As Kollath discovered how to control the element of movement in her artwork, Buzzini asserted the Arduino allows him to control another dimension of design, the element of time and speed in tangible objects and interaction. He says that "Arduino definitely helps designers think in a different way, to approach a challenge in a different way. It helps technologists be more visual and communicative. It plays a different approach in their code and their work." Artist John Bennett agrees with Buzzini, "Arduino, as a tool set, makes crazy ideas possible. In that aspect it's caused me to come up with installation ideas that normally I wouldn't have thought possible". Some engineers responded that the Arduino made them realize they could be creative.[3] Labrune stated that artists brought creativity to the Arduino and to technical people. "Artists bring a new perspective to technology and make the Arduino more creative."

Besides the ease of creating function pieces, time management was remarked to be a useful result of the Arduino microcontroller. Eight people spoke of time as an additional factor that impacts their creative process in addition to the Arduino's usability. Fabian Winkler,[4] an artist and professor says, "The Arduino board has saved me development time that I was able to use for other creative processes/decisions". It also helped reduce the prototyping cycle, so there was additional time for more designs. Vondle claims that it "…enhances the creative process by making it easier to go from concept to execution. Sketching in hardware as the Arduino allows, I can sit down with the board, search for code on the Internet, get it up and working, and test it so you know the behavior works and you can do it in three hours versus three days. That allows you to iterate through concepts a lot faster." Vondle acquired a building with a big glass block wall that looked like pixel cubes to him. He conceptualized a life size Pong game on the surface, but creating his own boards was too labor and time intensive. When he encountered the BlinkM's,[5] Figure, he realized that was what he needed to create his wall in a time efficient manner. By saving time, whether in the creating phase, testing phase, or conceptual phase, each portion builds on creativity, and the time saved allows for more creativity.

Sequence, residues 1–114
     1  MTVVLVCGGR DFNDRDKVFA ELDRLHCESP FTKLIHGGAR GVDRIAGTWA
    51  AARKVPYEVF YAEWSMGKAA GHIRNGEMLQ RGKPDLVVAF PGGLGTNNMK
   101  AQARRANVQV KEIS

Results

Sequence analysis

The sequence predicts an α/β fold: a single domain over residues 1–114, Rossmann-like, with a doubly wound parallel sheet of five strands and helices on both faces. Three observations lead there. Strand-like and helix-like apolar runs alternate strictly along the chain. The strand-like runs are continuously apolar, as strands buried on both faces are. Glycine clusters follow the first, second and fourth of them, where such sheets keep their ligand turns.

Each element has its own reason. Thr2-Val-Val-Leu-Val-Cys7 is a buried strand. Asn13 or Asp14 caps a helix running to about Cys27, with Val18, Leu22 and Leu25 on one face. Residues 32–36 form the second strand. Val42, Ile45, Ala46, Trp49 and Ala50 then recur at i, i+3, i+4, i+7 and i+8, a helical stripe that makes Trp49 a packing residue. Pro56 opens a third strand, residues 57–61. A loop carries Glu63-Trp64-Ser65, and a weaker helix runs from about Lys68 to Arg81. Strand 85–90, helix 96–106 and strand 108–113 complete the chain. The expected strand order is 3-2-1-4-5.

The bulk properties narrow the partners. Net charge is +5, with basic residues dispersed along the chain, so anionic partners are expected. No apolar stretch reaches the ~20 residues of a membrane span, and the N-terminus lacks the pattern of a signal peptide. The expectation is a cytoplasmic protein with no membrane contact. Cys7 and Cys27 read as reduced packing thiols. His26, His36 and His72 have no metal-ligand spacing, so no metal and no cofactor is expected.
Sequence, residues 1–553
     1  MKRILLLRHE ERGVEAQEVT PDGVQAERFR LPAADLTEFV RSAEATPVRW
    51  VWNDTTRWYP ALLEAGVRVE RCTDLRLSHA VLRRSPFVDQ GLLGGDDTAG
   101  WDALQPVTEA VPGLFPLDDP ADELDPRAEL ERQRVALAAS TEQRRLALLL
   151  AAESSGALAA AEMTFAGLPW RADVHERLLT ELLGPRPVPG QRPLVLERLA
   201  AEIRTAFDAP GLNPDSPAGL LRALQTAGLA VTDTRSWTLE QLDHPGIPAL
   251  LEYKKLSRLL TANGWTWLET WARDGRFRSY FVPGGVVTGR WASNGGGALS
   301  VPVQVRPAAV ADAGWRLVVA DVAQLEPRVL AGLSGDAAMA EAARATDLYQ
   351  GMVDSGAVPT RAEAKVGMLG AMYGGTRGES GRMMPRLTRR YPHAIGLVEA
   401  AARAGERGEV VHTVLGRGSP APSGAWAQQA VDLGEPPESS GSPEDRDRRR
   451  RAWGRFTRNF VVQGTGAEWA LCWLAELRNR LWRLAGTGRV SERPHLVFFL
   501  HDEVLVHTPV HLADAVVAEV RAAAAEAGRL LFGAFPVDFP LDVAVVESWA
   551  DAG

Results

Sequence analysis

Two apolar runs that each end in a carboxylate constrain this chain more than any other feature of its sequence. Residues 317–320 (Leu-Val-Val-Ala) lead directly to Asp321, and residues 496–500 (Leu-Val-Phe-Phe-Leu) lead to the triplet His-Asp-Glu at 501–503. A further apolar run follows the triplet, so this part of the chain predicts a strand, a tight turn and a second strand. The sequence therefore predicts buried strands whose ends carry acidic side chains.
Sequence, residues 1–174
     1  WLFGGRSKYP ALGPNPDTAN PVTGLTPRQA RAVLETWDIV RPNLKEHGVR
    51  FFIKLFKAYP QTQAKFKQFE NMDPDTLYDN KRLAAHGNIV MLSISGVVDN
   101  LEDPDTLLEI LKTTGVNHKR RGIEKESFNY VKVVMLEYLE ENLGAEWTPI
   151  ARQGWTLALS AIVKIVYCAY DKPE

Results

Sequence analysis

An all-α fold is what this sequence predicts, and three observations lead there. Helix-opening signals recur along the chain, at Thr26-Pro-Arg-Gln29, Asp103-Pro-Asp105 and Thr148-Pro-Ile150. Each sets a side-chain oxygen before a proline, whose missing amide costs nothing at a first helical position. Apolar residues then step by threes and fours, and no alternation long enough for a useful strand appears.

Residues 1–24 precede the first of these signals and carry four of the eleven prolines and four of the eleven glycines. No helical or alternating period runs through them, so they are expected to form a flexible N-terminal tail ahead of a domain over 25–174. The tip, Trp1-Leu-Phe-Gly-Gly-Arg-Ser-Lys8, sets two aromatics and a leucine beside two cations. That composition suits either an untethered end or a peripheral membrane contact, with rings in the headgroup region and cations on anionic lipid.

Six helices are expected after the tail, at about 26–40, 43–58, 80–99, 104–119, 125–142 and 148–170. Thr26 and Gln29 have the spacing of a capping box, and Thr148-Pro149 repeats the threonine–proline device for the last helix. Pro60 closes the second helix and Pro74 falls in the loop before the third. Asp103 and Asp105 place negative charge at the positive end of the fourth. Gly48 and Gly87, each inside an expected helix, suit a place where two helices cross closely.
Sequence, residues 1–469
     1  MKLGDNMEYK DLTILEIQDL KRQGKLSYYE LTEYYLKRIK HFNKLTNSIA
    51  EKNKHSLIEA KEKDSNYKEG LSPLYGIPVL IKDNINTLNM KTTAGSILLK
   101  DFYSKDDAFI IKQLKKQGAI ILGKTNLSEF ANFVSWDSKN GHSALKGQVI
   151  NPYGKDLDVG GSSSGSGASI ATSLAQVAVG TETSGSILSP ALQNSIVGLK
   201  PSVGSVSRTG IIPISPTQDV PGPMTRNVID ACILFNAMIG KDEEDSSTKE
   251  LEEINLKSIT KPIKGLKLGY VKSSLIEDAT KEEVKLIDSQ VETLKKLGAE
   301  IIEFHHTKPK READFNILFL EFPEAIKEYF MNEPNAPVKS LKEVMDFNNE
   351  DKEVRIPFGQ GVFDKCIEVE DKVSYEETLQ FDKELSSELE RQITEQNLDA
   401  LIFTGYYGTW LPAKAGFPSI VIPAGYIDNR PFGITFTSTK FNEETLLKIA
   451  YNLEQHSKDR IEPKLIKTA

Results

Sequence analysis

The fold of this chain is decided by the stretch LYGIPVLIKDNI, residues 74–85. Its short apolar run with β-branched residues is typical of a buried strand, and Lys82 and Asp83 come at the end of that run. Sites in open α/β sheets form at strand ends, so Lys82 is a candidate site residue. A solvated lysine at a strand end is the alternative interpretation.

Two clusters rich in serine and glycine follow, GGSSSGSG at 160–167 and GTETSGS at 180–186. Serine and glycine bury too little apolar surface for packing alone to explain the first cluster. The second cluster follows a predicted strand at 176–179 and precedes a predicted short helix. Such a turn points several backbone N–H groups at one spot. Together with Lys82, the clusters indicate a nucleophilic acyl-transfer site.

blinkm.pngPhotograph provided by todbotFigure 5-13 Tod Kurt and Mike Kuniavshy, "BlinkM," 2009

Aside from usability of the Arduino's functionality and time enhancing creativity, sixty percent of interviewees agreed that having a common platform and community with a common language, as the Arduino does, helps inspire them. Stern added that her creativity is expanded when she gets inspired from other projects happening within the Arduino community. Although the Arduino microcontroller is not directly responsible for creativity, creativity is a provoked side effect when designing with the Arduino.

  1. Graham Wallas, Art of Thought. New York: Harcourt, Brace and Company, 1926
  2. Steven Dow, Kate Heddleston, and Scott Klemmer, The Efficacy of Prototyping Under Time Constraints. Berkeley, CA: ACM Creativity & Cognition Conference, 2009
  3. One engineer insisted they had no creative process – which prompted an alteration in vocabulary for the interview questions. The question shifted to 'Is there anything you attribute the Arduino to for enhancing your creative process?' to add 'ingenuity or creative process.'
  4. Fabian Winkler (Artist and professor at Purdue University) in discussion with the author, October 2009.
  5. BlinkM, the smart LED. ThingM,